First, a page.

Millennial Parents Count On These Time-Saving Services

Millennial research, Millennial insight, Millennial marketing, Gen Z research, Gen Z marketing, Gen Z insight, youth research, youth marketing

Time-poor Millennial parents are looking for convenient ways to streamline their lives. Here are the time-saving services they’re using more than their non-parent peers...

Wanting everything where and when they want it is a well-known characteristic of Millennials. They are a generation increasingly short on patience, which is one of the reasons that the on-demand economy has taken off the way it has in recent years with ever more meal kits, subscription boxes, and ride-hailing apps. This fast-growing economy of convenience often targets young consumers who consider time a luxury and are looking for ways to cut out steps to streamline their lives so they can gain more time to do what they actually want. In fact, seven in ten 13-35-year-olds agree with the statement, “I get very frustrated by things that waste my time.” And though brands in this market tend to target young consumers for whom ordering paper towels on Amazon and getting takeout delivered to their doors may be in the service of binge-watching their favorite shows, this growing economy is being driven in part by a less visible demographic than your typical impatient 13-35-year-old: Millennial parents.

If you think about it, this shouldn’t come as a surprise. Being a parent today is even harder than it was in the past in some ways. Though Pew Research has found that more women are staying home with their kids now than in 1999—the lowest point for stay-at-home moms in history—many Millennials still face the dilemma of needing two incomes to raise a family amid rising housing costs, student debt, and low salaries—not to mention young women’s drive to have a career. And if the rise of the on-demand economy is all in the service of saving time, there’s no one more in need of extra hours in their days than working parents.

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“I honestly wouldn't like to communicate with brands, unless it is to solve problems their brand is causing.”—Female, 27, MI

Why don’t people seem to care as much about fake followers on Instagram as on other platforms? Because while Facebook and Twitter are bashed for feeds full of fake news, no one holds Instagram to the same standard. The image-centric platform is inherently “a hyperreality,” where no one’s candid shot is truly spontaneous, and photo-shop freely fills feeds. Where does it get tricky? With Influencers, who are expected to garner true engagements for brands. (Real Life)

Influencer marketing faced another tricky situation this week when PopSugar replaced influencers’ affiliate links with their own. RewardStyle and its Instagram product LikeToKnow.it’s network of content creators’ photos and sometimes entire feeds “were copied to the site via “thousands of ‘falsified vanity pages’ containing millions of images belonging to the network’s content creators.” The group is planning on seeking a class-action lawsuit on their intellectual property and for the lost revenue that PopSugar made each time a customer clicked to purchase. (Racked)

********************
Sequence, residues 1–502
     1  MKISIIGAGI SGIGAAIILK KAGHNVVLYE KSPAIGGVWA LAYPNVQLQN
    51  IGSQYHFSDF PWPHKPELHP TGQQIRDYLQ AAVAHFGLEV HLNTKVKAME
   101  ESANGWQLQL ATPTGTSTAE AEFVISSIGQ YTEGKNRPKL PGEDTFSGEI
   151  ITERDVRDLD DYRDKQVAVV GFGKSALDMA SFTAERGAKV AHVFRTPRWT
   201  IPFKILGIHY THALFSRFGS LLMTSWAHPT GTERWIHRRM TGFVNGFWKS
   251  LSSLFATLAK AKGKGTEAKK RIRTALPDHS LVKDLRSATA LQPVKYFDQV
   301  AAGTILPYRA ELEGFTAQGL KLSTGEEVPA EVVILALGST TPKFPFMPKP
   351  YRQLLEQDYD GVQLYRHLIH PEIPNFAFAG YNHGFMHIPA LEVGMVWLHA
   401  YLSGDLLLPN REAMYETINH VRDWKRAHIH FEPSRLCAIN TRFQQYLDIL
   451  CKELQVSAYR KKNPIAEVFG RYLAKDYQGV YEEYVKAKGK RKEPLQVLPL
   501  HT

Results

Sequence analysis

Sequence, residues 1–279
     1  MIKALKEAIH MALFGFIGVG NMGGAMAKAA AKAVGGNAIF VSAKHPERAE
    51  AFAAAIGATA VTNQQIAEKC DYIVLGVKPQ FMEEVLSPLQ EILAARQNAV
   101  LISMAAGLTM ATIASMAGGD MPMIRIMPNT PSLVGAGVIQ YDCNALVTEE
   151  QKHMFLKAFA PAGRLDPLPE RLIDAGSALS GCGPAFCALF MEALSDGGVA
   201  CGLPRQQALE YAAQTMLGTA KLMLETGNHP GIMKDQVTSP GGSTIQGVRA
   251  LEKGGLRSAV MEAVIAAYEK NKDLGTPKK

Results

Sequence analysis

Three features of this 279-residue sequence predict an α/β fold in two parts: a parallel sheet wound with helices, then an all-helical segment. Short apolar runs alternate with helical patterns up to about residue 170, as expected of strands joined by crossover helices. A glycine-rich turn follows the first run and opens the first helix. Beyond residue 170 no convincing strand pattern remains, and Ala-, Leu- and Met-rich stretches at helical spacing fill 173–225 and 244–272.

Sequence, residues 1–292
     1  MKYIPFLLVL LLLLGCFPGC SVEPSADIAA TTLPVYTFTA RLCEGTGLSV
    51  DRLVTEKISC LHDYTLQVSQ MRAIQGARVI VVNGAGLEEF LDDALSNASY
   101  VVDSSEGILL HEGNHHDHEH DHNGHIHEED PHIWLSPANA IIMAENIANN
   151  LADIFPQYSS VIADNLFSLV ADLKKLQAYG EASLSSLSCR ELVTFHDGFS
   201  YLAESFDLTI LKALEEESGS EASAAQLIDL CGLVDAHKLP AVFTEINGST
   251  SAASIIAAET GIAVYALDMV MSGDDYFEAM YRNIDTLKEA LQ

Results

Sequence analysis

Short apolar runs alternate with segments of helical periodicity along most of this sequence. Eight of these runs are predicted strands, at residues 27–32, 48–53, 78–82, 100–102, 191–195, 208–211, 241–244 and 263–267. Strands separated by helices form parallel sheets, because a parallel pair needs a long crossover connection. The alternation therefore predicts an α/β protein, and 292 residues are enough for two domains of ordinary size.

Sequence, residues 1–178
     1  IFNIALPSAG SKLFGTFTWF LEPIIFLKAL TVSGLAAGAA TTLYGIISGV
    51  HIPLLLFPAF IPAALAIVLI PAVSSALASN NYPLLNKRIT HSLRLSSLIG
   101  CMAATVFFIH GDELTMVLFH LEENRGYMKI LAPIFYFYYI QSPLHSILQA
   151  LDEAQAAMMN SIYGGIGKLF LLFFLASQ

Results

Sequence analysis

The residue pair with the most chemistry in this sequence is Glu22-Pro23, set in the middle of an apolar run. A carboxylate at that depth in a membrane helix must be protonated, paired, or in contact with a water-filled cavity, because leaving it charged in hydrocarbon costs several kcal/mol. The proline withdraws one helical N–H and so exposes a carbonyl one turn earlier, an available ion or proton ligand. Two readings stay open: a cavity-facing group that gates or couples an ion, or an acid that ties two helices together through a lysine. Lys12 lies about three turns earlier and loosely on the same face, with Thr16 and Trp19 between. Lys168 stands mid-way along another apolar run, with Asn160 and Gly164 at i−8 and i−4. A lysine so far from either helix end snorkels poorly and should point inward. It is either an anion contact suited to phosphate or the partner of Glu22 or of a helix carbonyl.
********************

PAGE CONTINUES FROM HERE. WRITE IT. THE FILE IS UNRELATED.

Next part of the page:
Colleges are giving out more merit-based aid to win over top students. Tuition discount rates have risen to a record 49.1% for first-time, full-time freshman attending private universities, up over 10% from ten years prior—according to the National Association of College and University Business Officers. By using data-driven analysis to calculate just how much aid is likely to lure a top student in, colleges are seeing success upping their prestige. However, the practice has also “created a closing of the doors for low-income students,” according to one policy analyst. (WSJ)

Apple is betting that young consumers could bring back magazines via a magazine subscription service. The tech company took a gamble by buying Texture, a subscription service for over 200 titles that’s been dubbed the “Netflix of Magazine Publishing.” The app aggregates articles into a single browsing experience, rather than being separated by title, and pays the included publications. Apple has announced plans to integrate the service into their Apple News app, the latest incarnation of their less-than-successful Newsstand app. (Bloomberg)

Function of Beauty is customizing hair care, blending up shampoo and conditioner for each customer based off a five-question quiz. Beauty companies big and small have hopped on the Customization Nation trend, and Function of Beauty takes that to the next level with their hyper-personalized hair care set. They're customizing everything from the fragrance to the chemical components, and even going so far as to print the purchaser’s name on each product. The founder explains, "Every single person is unique and different...why negate that instead of catering to it?" (Paper)

“[Allison Raskin] is open about her struggles with mental health, and she is also funny.”—Female, 19, CA

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